As a main component of chai tea, chai masala is a zesty spice blend that you'll want to keep in your pantry. It boasts a delightfully warm and spicy flavor, and while it is a delicious element in that beloved beverage, it's also a superb ingredient in recipes that need an extra kick. What's more, it does an excellent job of elevating homemade treats like cakes, pies, and even oatmeal. Ahead, learn about the earthy spice blend and our favorite ways to use it in your own kitchen.
What Is Chai Masala?
Chai masala is a spice blend typically made of ingredients like cardamom, fennel, cinnamon, and clove, according to Meherwan Irani, chef and founder of spice company Spicewalla and the Chai Pani Restaurant Group. It's primarily used to make masala chai, a spiced Indian tea. The drink is also known as "chai tea" in Western countries, but this term is technically incorrect. For starters, the Indian word for tea is "chai," according to Irani. This means "chai tea" translates to, well, "tea tea." Moreover, chai is the generic term for any strong and sweet Indian beverage that's made with black tea, milk, and sugar, says Irani. It may also be flavored with "fresh ginger, lemongrass, mint, or some combination of the above," he explains. If it's brewed with the spice blend mentioned above, it's called "masala chai" or "spiced tea," which is the more accurate term for the beloved spicy drink. Bottom line: "Chai" means tea, "masala" mean spice, and the order of these words determine its definition, according to cookbook author and recipe developer Nik Sharma. Specifically, chai masala refers to a spice blend, while masala chai is the spiced tea.
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How to Use Chai Masala Blends
Of course, the most common way to use a chai masala blend is to make a spiced tea. A typical mix has ingredients like ground cinnamon, ginger, allspice, nutmeg, cloves, cardamom, black pepper, and/or fennel, though the exact ingredients might differ depending on the manufacturer or recipe. If you're making your own chai masala blend, try not to overthink it. The proportions can be easily adapted according to your taste buds. In general, cinnamon tends to take centerstage and will make up most up of the blend. The other ingredients can be added in varying ratios, so don't be afraid to experiment.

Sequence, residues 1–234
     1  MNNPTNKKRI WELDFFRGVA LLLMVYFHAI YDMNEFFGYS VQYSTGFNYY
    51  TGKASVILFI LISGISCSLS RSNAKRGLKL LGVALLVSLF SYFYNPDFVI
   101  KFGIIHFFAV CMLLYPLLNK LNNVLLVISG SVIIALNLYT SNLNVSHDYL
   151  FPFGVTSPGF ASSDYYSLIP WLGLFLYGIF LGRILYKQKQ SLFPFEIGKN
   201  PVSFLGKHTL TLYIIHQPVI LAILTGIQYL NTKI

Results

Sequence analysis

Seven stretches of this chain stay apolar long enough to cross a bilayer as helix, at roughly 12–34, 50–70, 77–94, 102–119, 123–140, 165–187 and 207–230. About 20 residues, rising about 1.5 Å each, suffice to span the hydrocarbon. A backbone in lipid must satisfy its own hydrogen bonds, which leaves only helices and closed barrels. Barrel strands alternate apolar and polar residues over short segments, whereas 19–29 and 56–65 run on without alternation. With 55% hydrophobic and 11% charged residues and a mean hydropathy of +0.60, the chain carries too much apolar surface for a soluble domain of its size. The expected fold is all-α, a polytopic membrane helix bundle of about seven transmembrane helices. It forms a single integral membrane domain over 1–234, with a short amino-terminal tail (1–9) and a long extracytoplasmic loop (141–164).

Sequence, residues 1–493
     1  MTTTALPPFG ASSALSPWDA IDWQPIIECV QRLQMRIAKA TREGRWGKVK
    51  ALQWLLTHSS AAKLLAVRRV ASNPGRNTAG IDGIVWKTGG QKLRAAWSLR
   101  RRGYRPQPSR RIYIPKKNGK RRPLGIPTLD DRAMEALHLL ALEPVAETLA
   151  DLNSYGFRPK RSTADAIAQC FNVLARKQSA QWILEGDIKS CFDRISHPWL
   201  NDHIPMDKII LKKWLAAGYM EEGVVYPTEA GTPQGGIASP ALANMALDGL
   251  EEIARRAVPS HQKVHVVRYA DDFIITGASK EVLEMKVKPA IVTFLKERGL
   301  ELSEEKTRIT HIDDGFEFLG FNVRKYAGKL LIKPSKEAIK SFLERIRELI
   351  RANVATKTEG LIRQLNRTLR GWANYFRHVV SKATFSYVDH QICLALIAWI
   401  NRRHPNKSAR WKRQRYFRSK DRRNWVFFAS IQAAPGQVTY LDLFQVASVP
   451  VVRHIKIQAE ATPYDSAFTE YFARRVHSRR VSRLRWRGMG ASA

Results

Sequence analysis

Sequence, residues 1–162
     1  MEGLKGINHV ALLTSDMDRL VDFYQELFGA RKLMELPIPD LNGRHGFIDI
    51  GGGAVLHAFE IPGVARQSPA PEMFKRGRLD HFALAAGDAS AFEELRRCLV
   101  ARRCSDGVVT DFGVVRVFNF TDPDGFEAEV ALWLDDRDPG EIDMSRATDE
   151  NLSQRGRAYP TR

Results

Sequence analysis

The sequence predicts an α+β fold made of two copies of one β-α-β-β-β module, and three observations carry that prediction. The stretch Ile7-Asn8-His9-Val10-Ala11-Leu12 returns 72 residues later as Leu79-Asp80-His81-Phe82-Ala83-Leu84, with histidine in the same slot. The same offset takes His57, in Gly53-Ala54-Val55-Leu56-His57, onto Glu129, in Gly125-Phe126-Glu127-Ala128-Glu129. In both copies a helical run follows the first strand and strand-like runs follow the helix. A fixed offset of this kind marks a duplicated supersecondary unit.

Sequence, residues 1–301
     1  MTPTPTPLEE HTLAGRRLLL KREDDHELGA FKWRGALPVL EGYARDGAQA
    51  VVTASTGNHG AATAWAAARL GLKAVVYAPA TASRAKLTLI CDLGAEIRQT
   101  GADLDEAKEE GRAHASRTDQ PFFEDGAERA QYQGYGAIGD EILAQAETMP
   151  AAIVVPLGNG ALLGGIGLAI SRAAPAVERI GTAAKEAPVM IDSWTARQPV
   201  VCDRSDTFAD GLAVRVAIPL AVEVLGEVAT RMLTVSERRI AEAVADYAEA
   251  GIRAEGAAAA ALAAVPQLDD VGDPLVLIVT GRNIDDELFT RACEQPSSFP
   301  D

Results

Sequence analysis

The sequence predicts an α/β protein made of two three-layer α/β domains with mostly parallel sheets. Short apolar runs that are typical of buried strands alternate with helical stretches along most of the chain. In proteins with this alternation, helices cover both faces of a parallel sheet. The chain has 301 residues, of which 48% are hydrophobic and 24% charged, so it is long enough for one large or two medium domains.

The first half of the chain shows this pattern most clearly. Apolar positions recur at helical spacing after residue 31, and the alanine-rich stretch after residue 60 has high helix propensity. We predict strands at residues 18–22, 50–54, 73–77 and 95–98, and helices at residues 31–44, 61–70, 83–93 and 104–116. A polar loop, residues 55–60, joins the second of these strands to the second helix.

To use chai masala in tea, "bring equal parts milk and water to a rapid boil," says Irani. Next, add one level teaspoon of black tea. Sharma recommends a high-quality variety, like Assam or Darjeeling. "Assam is a bit bolder in color and flavor, while Darjeeling is slightly mellow," he explains. Finally, mix in about ¼ teaspoon of chai masala mix per cup of tea; you're welcome to add a bit more if you want an extra-spicy drink. Simmer the ingredients until the liquid develops a medium brown color, says Irani, then serve with your sweetener of choice. In India, white sugar is the traditional option, but Irani enjoys using brown sugar (demerara) or honey as well. You can also use stevia or monk fruit, he notes, if you want a non-sugar sweetener.
By the way, making masala chai with fresh spices is just as easy and delicious. Instead of using a chai masala mix, "add a few pieces of whole spices like cardamom, cinnamon, black pepper, and fennel," says Irani. Simmer until medium brown, then strain and serve as usual. Need a bit of guidance? Try our recipes for Homemade Chai or Spiced Chai Latte, both of which call for fresh whole spices.
Other Ways to Use Chai Masala
If you love this flavor blend, you'll be delighted to know that chai masala can be used for more than just teas. "Chai masala, the spice mix, is an incredible aromatic addition to sweets [like] cookies, cakes, pies, caramel, chocolate, truffles, [and] pastries," says Irani. Sharma seconds this notion, sharing that chai masala blends work well in fall and winter sweets like gingersnap cookies and apple cakes. For a quicker option, try it in banana bread. And if you're craving those seasonal flavors but don't feel up to baking, make a batch of Chai-Spiced Apple Cider.
The richness of chai masala also pairs beautifully with chocolate, making it a welcomed addition to recipes like these chocolate chip cookies or a homemade chocolate bark. Another option is to make a masala chai syrup, which involves simmering water, sugar, tea, and chai masala blend until reduced. This syrup makes for a delicious add-in ingredient to "cocktails, smoothies, iced drinks, or non-dairy [milks] such as oat, almond, or coconut milk," says Irani.